Actor Rick Westerkamp, an InterAct board member, performed with the company before he became a director and performance teacher at Stone Ridge School of the Sacred Heart in Bethesda. “Children don’t have a filter,” he observed. “You know when they are on board much more than adults.”
InterAct’s efforts to make performing for children in underserved communities a priority inspires Westerkamp. “I love the less sophisticated kids who don’t always known the etiquette of clapping politely at the end of a theater production,” he said. Instead, they are “uproariously happy, clapping, standing, whistling. I’m fired up for the rest of the day. It’s electric.”
As a 29-year-old actor working with Oliver-Krueger, Westerkamp honed his organizational skills, which included rising early to pick up the costumes and scenery, driving to the event, setting it up, doing the performance–and then doing it all over again.
The Rev. Meg Ingalls, who offered InterAct free rehearsal space at Silver Spring’s Transfiguration Episcopal Church, often watches rehearsals. Oliver-Krueger’s cheerfulness has impressed her. “Even in the midst of a negative situation, she creates something positive,” she said.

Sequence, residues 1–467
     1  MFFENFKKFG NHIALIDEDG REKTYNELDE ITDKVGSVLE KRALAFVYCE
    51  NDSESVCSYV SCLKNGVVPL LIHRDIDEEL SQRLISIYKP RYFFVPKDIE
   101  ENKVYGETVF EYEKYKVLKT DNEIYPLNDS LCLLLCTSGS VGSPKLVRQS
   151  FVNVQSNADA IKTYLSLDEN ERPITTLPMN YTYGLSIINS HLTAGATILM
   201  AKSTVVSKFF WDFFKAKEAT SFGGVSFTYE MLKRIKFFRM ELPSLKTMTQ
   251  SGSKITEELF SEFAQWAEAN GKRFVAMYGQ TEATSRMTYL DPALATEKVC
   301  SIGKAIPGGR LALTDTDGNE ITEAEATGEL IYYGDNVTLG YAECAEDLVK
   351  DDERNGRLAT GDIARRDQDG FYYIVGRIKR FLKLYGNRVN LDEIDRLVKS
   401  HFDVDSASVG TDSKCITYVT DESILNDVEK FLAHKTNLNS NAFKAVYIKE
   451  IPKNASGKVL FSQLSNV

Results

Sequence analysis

Recently when InterAct performed its play, “Pufferfish Pat: A Tall Tale for Mad Times,” at the church, the response amazed the pastor, who noticed a few young parishioners with “anger management issues” become mesmerized by the production. She also heard a woman ask her grandchild about being teased. “Do you feel like that?” The child responded, “All the time.” Rev. Ingalls believes such experiences can help children learn empathy and communicate more effectively.